Scientists have used space-based lidar to track the daily vertical migration of tiny ocean creatures, boosting understanding of marine carbon cycles.
The Cloud-Aerosol Lidar and Infrared Pathfinder Satellite Observations (CALIPSO) satellite is a joint venture between NASA and the French space agency, Centre National d’Etudes Spatiales. Shortly after its launch in 2006, it was discovered that as well as observing cloud aerosols, CALIPSO was able to monitor the oceans to a depth of 20m. This allowed it to track Diel Vertical Migration (DVM), where tiny sea creatures like krill, baby fish and tiny squid move closer to the ocean surface at night to feed on phytoplankton.
“This is the latest study to demonstrate something that came as a surprise to many: that lidars have the sensitivity to provide scientifically useful ocean measurements from space,” said Chris Hostetler, a scientist at NASA’s Langley Research Centre in Virginia, and co-author of the study, which appears in Nature.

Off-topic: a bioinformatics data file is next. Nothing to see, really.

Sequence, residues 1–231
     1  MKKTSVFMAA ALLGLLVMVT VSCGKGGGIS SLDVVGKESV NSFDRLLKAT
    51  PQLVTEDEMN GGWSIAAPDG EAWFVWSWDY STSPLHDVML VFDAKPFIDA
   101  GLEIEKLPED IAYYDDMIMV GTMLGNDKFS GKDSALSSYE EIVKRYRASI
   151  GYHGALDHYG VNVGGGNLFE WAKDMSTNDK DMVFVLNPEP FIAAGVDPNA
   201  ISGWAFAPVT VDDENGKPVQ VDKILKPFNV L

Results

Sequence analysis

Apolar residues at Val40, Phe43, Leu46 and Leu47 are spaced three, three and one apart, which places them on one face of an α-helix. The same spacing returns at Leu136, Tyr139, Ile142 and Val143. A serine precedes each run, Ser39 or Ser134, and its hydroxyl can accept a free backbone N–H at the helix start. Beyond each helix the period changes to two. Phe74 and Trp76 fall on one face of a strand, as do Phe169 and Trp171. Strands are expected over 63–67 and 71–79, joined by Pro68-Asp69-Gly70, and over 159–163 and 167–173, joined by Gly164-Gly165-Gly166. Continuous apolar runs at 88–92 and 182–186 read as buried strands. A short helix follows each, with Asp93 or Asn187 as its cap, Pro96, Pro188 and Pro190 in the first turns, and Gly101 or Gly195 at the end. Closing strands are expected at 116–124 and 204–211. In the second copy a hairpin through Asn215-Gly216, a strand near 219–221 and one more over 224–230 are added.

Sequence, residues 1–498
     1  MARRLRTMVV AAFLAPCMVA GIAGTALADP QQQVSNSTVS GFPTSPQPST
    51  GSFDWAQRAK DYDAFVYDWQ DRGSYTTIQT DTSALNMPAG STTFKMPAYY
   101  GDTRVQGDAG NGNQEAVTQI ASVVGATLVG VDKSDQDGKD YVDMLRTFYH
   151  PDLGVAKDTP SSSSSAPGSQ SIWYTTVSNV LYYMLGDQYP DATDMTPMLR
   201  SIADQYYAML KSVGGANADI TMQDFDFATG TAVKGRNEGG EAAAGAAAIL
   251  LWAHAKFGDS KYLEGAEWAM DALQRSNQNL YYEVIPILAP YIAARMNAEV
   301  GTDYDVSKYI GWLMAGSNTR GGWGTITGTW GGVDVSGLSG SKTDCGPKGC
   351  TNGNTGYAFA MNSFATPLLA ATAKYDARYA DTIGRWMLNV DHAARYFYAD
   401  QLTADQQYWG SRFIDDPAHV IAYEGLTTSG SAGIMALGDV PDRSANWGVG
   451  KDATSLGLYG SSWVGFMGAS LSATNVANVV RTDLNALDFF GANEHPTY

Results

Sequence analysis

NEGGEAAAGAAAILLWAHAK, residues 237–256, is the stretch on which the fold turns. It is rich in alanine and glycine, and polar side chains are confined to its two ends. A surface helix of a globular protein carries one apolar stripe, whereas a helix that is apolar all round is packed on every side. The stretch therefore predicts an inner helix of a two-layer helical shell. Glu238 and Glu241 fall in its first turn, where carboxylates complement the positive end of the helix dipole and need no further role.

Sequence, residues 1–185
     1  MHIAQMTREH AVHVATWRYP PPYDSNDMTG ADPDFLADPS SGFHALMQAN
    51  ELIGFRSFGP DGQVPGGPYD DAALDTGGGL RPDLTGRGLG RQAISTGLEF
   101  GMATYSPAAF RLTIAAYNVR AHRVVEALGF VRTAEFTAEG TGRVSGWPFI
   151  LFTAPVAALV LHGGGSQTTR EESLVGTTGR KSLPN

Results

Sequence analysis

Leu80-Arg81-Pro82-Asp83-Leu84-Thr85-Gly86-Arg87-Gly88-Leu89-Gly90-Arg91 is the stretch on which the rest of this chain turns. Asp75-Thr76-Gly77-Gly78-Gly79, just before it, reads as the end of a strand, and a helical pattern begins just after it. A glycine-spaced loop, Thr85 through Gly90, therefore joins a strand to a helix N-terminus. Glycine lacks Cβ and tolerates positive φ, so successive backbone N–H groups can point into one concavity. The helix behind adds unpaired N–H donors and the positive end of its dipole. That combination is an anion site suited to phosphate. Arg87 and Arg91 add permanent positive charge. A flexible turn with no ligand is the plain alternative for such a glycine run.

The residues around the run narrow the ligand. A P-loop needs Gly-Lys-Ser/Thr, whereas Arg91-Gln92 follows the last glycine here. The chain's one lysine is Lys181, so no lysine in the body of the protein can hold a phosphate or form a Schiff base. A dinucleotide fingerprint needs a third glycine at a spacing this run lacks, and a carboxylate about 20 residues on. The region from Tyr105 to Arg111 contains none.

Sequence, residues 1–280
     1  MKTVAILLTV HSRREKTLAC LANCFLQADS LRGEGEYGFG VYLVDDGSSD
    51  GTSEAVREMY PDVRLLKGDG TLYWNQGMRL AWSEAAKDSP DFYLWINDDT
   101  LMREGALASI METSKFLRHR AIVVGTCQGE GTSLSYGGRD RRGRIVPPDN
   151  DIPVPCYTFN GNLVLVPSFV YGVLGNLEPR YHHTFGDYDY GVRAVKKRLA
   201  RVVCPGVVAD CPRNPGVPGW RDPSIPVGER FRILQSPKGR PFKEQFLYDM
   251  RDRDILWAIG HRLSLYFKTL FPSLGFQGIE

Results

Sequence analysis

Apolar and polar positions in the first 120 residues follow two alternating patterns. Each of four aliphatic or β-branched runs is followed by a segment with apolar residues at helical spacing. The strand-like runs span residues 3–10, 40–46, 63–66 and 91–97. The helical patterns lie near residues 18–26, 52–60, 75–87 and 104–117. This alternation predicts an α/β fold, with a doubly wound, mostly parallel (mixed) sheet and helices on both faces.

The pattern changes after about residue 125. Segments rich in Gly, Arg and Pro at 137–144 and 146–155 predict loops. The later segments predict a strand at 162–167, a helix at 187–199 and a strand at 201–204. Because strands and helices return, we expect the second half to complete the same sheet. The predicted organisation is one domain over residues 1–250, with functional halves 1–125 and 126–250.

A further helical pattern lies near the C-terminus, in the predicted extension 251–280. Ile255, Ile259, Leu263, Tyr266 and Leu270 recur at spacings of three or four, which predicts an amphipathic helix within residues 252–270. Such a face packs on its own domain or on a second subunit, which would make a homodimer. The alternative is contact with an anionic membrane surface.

“I think we are just scratching the surface of exciting new ocean science that can be accomplished with lidar.”
DVM is the planet’s largest migration by biomass and as such has wider implications for ocean ecosystems, fishing stocks and even climate change. Phytoplankton absorb carbon dioxide via photosynthesis. When zooplankton like krill and tiny fish migrate to the surface to feed on it, much of this carbon is then sequestered deep in the ocean when the creatures defecate or die. This animal-mediated carbon conveyor belt is recognised as an important mechanism in Earth’s carbon cycle.
“What the lidar from space allowed us to do is sample these migrating animals on a global scale every 16 days for 10 years,” said Mike Behrenfeld, the lead for the study and a senior research scientist and professor at Oregon State University in Corvallis, Oregon. “We’ve never had anywhere near that kind of global coverage to allow us to look at the behaviour, distribution and abundance of these animals.
“The new satellite data give us an opportunity to combine satellite observations with the models and do a better job quantifying the impact of this enormous animal migration on Earth’s carbon cycle.”